The Business Roundtable, a group of CEOs of nearly 200 major U.S. corporations, gave a new definition of the "purpose of a corporation."Marketsread more
Stocks rose sharply on Monday as Treasury yields rebounded, quelling fears of a possible recessionUS Marketsread more
J.P. Morgan estimates the average annual tariff cost per household will be $1,000 with the new round of Trump's tariffs.Marketsread more
Since its IPO 15 years ago, Google has become more and more powerful. Today, that power is being highly scrutinized.Technologyread more
Sequoia's Michael Moritz says that direct listings worked for Spotify and Slack and will become more common for companies with "courage and intelligence."Technologyread more
Shares of embattled utility PG&E plummeted after a judge ruled that a jury can decided whether it should pay up to $18 billion in damages.Marketsread more
The attacks come after state and local ransomware attacks in New York, Louisiana, Maryland and Florida resulted in the loss of significant sums.Technologyread more
The New York City police officer who used a chokehold on Eric Garner in an encounter that ended with Garner's death has been fired, New York City Police Commissioner James...Politicsread more
These are the stocks posting the largest moves midday.Market Insiderread more
The president said the Fed has been hampered by a "horrendous lack of vision" and said it should institute 100 basis points worth of reductions in its benchmark rate.Marketsread more
Investors should be careful not to buy or sell stocks based on last week's brief inversion of the yield curve in the bond market, CNBC's Jim Cramer warns.Investingread more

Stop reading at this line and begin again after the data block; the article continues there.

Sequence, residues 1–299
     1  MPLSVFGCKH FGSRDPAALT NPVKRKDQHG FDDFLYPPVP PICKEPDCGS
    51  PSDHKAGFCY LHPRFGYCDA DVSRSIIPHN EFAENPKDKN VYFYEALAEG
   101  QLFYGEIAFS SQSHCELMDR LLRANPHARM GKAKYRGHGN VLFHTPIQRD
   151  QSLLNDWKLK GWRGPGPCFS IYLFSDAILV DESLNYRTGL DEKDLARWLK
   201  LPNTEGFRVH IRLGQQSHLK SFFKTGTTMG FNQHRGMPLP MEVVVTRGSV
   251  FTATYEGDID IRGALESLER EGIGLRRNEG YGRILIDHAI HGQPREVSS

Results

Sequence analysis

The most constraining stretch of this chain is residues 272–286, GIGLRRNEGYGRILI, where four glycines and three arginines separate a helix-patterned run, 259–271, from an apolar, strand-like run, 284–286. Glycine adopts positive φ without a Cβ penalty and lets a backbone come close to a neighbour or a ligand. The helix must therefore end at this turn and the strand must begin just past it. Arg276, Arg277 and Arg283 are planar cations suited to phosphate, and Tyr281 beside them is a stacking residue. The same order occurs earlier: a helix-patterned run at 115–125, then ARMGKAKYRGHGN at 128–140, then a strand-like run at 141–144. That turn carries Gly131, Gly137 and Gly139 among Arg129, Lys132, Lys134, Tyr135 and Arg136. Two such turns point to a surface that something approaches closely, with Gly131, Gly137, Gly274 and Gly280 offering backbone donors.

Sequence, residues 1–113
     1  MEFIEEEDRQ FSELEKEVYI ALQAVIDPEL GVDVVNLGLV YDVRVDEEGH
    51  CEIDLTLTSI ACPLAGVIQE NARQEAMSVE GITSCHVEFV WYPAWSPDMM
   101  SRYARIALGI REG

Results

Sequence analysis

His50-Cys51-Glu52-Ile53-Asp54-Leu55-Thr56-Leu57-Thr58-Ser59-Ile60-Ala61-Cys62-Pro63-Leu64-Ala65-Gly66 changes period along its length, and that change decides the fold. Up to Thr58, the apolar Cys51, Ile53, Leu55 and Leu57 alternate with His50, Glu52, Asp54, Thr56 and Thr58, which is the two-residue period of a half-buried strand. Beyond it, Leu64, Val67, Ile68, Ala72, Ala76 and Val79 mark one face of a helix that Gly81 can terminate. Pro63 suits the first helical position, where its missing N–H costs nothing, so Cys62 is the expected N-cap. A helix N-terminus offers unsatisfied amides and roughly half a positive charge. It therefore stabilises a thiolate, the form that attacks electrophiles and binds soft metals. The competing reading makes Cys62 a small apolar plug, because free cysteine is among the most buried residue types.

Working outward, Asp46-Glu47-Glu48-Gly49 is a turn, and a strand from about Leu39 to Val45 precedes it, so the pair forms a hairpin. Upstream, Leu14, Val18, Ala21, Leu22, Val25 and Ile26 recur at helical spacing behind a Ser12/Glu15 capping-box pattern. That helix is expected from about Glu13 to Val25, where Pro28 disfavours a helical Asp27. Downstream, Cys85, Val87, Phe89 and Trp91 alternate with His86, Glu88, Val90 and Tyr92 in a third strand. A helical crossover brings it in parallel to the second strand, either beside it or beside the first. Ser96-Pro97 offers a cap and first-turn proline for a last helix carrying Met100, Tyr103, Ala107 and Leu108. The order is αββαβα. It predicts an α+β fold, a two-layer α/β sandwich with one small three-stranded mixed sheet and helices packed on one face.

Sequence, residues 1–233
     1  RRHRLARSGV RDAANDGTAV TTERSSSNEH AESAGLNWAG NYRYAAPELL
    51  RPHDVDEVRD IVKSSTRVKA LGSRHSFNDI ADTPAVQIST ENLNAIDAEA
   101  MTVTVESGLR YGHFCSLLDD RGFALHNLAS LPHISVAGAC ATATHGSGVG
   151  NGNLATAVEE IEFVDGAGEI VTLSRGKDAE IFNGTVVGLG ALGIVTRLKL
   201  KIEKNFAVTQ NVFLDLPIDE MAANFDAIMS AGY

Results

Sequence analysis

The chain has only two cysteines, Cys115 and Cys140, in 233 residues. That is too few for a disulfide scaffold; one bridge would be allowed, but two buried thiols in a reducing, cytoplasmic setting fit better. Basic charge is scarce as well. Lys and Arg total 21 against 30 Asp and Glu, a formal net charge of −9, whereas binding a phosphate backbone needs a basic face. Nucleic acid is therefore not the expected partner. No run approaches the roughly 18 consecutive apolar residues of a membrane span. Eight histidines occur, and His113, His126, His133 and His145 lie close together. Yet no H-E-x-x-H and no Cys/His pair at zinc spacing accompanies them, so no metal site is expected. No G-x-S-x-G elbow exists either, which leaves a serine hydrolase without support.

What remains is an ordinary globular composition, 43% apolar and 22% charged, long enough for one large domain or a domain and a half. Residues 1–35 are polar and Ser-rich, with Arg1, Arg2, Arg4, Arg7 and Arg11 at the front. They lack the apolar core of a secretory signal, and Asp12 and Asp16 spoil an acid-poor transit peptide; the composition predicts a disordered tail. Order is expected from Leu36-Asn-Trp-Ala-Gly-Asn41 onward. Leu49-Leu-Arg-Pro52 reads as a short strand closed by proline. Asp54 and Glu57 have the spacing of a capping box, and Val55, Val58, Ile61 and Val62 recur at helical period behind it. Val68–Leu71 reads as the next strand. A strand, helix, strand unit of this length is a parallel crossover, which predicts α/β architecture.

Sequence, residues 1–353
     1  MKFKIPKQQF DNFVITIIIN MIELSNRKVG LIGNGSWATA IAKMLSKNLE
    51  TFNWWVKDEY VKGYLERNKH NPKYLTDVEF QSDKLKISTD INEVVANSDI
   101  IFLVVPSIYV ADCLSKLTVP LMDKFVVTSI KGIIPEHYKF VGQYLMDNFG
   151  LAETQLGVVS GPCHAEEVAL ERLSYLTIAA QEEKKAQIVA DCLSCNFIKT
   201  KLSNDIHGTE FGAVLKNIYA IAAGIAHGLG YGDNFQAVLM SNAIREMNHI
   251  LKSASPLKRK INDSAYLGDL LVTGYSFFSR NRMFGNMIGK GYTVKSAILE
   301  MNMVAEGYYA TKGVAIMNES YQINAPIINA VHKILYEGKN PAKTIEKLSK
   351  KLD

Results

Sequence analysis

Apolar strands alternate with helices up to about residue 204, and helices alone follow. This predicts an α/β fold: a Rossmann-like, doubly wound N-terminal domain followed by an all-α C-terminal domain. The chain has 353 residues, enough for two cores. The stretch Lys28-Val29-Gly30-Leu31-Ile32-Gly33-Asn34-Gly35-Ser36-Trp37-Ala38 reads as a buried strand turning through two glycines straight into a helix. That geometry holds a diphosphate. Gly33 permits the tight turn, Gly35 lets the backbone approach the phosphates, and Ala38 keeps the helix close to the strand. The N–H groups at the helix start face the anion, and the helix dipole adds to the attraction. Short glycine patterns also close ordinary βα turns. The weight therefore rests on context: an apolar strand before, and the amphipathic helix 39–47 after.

China has become the latest country to say it will ignore the United States and continue to conduct business with Iran.
U.S. sanctions against Iran came into effect Tuesday and President Donald Trump has warned that countries who trade with Tehran will not be able to do business with the U.S. Trump also said he will expand the punitive measures in the coming weeks to include tougher ones related to oil production.
China has a growing relationship with Iran's energy industry and, according to a Reuters report Wednesday, has stated it will defend those business interests.
"China's commercial cooperation with Iran is open and transparent, reasonable and fair, not violating any United Nations Security Council resolutions," a government statement said, adding that "China's lawful rights should be protected."
According to Reuters data, China buys around $15 billion worth of crude oil from Iran each year and is Tehran's top energy customer. Chinese state companies CNPC and Sinopec have also invested billions of dollars to develop oil fields in Iran.
Earlier Wednesday, Turkish Energy Minister Fatih Donmez said his country would continue to buy gas from Iran.
The U.S. has re-imposed sanctions on Iran after it left the Joint Comprehensive Plan of Action (Iran nuclear deal) in May.
Trump followed through on the withdrawal despite attempts to persuade him otherwise by German Chancellor Angela Merkel, French President Emmanuel Macron and U.K. Foreign Secretary Boris Johnson.
The Iran nuclear deal was an accord between Iran and the U.S., Russia, Britain, Germany, France, China and the European Union. It was an agreement to lift sanctions on Iran in exchange for the country stopping its program to develop more nuclear capability.
China's statement Wednesday followed Russia, which said Tuesday that it will do "everything necessary" to save the 2015 Iran nuclear deal and protect its economic interests with Tehran.
The EU has also warned that firms that stop doing business with Iran because of U.S. sanctions could in turn be sanctioned by the bloc.
The EU's foreign policy chief Federica Mogherini told reporters Tuesday that the EU was "doing its best to keep Iran in the deal."